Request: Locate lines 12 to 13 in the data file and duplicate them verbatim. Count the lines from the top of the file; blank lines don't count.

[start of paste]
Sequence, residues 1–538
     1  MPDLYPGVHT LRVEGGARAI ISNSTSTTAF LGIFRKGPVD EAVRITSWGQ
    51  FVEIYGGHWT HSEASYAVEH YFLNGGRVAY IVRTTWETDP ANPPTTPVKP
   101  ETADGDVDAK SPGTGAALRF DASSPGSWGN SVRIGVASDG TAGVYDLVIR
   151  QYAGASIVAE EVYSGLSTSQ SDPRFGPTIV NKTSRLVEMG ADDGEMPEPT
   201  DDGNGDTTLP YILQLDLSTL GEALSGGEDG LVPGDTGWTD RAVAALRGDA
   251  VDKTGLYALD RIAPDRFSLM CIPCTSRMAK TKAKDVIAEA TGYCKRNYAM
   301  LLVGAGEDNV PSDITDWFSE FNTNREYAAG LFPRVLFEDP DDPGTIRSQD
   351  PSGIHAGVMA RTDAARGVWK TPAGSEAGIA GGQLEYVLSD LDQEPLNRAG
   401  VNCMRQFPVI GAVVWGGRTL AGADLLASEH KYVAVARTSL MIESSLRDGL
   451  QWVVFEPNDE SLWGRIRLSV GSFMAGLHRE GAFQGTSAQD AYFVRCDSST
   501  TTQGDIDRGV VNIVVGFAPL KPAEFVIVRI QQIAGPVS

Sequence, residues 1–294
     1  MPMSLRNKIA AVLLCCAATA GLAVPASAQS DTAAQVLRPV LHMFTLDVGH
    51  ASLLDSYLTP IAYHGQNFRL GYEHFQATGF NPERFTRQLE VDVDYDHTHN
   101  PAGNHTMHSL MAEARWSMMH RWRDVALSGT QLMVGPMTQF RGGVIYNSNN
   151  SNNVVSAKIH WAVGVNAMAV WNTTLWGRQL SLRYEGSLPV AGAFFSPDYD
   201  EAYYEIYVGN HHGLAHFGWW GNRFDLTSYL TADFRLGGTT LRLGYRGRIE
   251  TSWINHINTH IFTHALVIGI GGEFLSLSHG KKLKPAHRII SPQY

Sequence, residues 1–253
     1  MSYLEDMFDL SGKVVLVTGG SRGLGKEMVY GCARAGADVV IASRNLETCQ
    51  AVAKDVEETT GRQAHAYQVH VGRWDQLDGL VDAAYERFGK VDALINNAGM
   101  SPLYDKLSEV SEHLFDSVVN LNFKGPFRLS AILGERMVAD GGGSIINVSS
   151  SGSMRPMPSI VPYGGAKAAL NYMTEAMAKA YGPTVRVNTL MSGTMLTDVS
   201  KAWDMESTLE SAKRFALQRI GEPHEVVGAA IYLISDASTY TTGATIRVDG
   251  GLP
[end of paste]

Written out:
   501  TTQGDIDRGV VNIVVGFAPL KPAEFVIVRI QQIAGPVS

Sequence, residues 1–294